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Q. How can I reduce the pain around Insulin injection site?

Answered by
Dr. Krutika Ingle Karandikar
and medically reviewed by iCliniq medical review team.
This is a premium question & answer published on Mar 22, 2017 and last reviewed on: Jul 28, 2021

Hi doctor,

I am suffering from type 1 diabetes. My HbA1c is too high. I have been on Insulin for around seven years now, and I am trying to lower it. I have a few questions. I keep getting Insulin bumps and lumps every time I choose the abdomen for an injection site. How can I ensure adequate insulin absorption? Also, how can I reduce the pain produced around injection site? I get morning hypoglycemias very often despite how early my last shot the day before was or how elevated the glucose reading was before going to bed. It is often so extreme that I lose control of my awareness and overeat, causing an acute elevation in blood glucose. How can I control that fluctuation? How can I figure out the suitable Metformin (was prescribed to treat insulin resistance) as well as Insulin dosage for me? How do I identify the causes of my blood glucose elevation if I knew it was not food? I am planning to start going to the gym. How can I use that to my advantage and not the other way around?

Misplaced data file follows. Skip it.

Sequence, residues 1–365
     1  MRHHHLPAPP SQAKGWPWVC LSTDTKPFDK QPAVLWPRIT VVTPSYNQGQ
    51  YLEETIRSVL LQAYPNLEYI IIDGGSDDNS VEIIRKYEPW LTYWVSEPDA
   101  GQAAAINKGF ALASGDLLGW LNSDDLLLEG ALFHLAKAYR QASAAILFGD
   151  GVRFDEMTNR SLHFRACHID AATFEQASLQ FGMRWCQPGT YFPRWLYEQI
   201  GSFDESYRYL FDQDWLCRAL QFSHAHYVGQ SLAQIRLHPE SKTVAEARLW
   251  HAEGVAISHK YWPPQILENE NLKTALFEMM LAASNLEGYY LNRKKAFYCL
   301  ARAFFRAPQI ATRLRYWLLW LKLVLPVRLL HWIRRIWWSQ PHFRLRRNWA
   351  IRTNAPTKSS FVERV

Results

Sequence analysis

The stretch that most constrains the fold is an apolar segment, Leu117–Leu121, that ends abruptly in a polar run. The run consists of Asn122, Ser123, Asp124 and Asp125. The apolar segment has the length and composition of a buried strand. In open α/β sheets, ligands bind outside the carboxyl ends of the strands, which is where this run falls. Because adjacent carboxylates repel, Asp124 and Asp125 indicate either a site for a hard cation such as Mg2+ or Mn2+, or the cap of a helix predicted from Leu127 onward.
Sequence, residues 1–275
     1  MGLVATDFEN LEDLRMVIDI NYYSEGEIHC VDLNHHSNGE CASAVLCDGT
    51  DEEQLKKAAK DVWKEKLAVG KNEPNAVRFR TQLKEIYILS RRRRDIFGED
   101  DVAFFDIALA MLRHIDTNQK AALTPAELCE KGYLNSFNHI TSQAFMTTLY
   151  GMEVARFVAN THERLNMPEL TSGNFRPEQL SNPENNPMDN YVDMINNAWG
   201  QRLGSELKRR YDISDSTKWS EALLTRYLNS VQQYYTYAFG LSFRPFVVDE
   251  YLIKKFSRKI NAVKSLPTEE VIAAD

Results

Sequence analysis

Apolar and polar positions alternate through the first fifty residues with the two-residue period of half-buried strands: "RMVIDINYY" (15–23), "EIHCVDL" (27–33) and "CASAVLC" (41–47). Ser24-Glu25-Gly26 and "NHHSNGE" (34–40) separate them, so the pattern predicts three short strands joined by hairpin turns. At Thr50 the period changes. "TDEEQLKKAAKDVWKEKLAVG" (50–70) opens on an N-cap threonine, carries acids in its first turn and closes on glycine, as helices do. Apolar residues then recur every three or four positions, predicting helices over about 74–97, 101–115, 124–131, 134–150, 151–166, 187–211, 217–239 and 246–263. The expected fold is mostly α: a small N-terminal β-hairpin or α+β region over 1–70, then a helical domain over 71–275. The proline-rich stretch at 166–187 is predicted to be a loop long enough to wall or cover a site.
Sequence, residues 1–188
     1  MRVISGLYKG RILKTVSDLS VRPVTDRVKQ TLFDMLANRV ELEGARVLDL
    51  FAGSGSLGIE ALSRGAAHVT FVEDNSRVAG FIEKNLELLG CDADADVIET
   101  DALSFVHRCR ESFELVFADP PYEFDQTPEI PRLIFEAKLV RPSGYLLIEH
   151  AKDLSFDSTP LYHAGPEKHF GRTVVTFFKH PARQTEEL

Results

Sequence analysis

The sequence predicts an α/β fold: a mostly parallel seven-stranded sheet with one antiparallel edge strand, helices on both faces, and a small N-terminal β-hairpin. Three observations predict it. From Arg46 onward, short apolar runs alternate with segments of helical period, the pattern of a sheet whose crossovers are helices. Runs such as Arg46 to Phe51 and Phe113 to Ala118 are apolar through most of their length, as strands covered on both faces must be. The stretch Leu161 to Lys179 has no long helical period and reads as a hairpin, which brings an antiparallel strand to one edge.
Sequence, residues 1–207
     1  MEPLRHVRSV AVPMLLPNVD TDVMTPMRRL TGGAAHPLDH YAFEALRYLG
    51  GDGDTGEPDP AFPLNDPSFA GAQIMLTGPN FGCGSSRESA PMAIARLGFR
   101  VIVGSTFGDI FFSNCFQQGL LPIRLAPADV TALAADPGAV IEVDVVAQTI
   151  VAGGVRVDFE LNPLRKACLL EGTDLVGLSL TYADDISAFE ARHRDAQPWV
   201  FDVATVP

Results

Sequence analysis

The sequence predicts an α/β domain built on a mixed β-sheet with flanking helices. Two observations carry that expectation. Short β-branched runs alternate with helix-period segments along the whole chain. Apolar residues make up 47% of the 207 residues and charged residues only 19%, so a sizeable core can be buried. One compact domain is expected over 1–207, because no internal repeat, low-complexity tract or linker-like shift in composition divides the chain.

#

Hello,

Welcome to icliniq.com.

Let us go step wise just like your concerns.

  • The best way for avoiding lumps, bumps, and pain due to repeated Insulin injections is by learning the proper technique for injecting yourself. Please meet a local doctor to learn the same.
  • Also, keep changing the injection sites. You can inject yourself on your hands and thighs as well, after you have used up the area of your abdomen.
  • Morning hypoglycemia means the dosage of Insulin you are taking is exceeding your blood glucose levels. Again, meet a local doctor, who will help you adjust your dosage according to your blood glucose levels so that you do not experience the hypoglycemia attacks.
  • In case you are responding well to Metformin, the Insulin dosage can be lowered as the dosage of Metformin is gradually increased, again in correspondence with your blood glucose levels.
  • Food is the most common source of glucose. But, also are sweetened fruit juices, cakes, pastries, chocolates, energy drinks, aerated drinks, and alcohol. You will have to analyse by yourself, what you consume in excess and can then avoid the same accordingly.
  • Medications are just supportive treatment for diabetes. You must understand that exercise will help your body to utilize glucose, increase insulin secretion and also decrease insulin resistance. This will help you reduce or get off Insulin and maybe lead a more normal life.

For further doubts consult a diabetologist online --> https://www.icliniq.com/ask-a-doctor-online/diabetologist


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